I loved how you could see how imaginative children’s minds can be in this book, and this is represented in many ways. I also loved how things were much more complex than what they first appeared on the surface.

I really think that this is an enjoyable read, but not necessarily entirely suitable for the age it would be marketed at. I’d exercise caution at allowing children to read it, and would want to discuss the ideas and themes in it afterwards in order to make sure they don’t take away the wrong message from this. While this book wouldn’t interest all adults, I personally really enjoyed reading this book with an adults perspective and fully intend on continuing on with the series.

4 stars out of 5

Book Review: Girl Unknown, by Karen Perry.

30844174I received a digital copy of this book for free from the publisher in return for an honest review.

I have a full video review for this book which can be found here:…

It is safe to say this book messed with my mind, which all good psychological thrillers should. The story follows a typical Irish family and gives us multiple perspectives from the family members, although most chapters are from one of the parents perspectives. From David’s point of view, who is the father of the family, we learn that a girl has entered his office and let him know that she thinks he is his daughter. From here the rest of the story develops, and as with many other psychological thrillers, I believe the best way to go into this story is by knowing as little as possible.

This book kept me guessing at every turn, just when I thought I knew what was going to happen next the plot would move in a totally different direction. I love when authors are able to keep you guessing until the very last page and this is definitely one of those reads. The tension that builds throughout is fantastic and keeps you wanting to read on until the early hours of the morning. This is the sort of book you could easily find yourself reading in one sitting, if you have the time.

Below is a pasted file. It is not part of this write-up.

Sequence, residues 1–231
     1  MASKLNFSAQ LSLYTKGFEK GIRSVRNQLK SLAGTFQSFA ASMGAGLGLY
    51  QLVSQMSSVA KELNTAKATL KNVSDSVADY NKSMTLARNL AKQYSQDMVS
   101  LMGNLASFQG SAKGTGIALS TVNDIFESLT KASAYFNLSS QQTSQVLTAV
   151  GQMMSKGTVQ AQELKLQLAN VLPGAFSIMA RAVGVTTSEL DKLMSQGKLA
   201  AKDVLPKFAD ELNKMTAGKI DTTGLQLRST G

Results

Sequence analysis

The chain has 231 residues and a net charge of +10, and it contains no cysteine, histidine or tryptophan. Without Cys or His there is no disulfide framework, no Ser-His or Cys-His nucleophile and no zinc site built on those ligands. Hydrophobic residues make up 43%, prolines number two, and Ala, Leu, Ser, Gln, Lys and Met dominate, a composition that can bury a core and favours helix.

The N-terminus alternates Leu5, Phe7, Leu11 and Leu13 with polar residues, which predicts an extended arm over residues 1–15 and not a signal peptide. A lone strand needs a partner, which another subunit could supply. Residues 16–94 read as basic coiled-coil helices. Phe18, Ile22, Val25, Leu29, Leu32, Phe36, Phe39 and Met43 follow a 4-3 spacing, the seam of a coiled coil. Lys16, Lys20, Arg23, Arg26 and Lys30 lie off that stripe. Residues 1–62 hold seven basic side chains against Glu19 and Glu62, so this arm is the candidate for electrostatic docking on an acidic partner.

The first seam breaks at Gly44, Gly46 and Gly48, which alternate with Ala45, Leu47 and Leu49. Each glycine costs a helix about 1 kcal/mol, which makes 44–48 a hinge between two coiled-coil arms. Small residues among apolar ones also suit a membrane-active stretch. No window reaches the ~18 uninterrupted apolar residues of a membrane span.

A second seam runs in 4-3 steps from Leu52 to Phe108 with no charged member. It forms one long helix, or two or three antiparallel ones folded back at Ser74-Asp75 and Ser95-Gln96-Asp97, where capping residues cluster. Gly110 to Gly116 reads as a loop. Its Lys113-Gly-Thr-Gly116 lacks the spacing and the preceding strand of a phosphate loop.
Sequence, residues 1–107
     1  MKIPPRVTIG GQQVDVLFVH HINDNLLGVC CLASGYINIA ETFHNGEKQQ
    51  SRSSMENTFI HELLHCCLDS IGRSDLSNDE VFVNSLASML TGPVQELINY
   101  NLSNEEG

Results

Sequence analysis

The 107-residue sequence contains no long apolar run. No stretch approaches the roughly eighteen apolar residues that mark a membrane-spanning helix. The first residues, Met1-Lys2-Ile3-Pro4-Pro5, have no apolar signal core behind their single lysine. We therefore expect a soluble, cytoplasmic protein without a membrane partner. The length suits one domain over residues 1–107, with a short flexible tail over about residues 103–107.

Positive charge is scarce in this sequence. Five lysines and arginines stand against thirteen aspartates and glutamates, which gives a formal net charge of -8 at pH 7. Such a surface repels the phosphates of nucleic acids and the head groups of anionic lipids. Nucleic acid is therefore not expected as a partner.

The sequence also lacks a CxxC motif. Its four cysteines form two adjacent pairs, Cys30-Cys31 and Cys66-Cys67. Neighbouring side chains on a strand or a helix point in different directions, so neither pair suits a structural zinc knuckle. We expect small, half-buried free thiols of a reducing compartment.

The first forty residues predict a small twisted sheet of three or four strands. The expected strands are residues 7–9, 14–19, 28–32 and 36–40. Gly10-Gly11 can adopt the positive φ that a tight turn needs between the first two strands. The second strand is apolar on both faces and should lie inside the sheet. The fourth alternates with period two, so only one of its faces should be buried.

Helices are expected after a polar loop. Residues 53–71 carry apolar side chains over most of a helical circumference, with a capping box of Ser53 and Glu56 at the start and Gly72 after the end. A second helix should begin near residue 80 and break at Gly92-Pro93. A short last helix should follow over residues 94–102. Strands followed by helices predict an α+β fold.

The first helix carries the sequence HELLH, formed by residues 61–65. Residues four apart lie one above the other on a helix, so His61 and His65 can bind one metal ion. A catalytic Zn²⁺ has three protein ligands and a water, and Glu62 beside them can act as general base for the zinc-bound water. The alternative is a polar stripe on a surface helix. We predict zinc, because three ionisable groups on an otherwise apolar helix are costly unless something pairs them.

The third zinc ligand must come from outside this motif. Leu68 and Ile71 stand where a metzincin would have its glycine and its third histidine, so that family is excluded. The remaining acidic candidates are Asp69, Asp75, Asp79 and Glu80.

As this book is told from multiple perspectives, one of the most important aspects for me was that the individual voices must sound different, and I think the authors achieved this well. The character crafting in this novel is wonderful, they all feel believable and individual. They are all fleshed out, and have multiple dimensions to their personalities, meaning that everyone has various different traits for the situations they find themselves in.

I have never read anything by either of the authors from this pen name, or any other titles by this pen name, but I hope to change this in the future. I highly recommend this book if you want a more domestic based psychological thriller.

4 stars out of 5

Advanced Review: Big Mushy Happy Lump(Sarah’s Scribbles #2), by Sarah Andersen

51nvsyl-0ll-_sx404_bo1204203200_I received a digital copy of this book for free from the publishers via NetGalley in return for an honest review. This book is due to be published 7th March 2017.

I read the first volume of Sarah’s Scribbles last year and thoroughly enjoyed it, so when I saw a chance to read and review this volume I couldn’t resist. This collection is even better than the last, and covers so many important topics, making it fun, but also a must read. Topics covered in this volume include social anxiety, self perception and relationships, all told in a fun comic scribble style.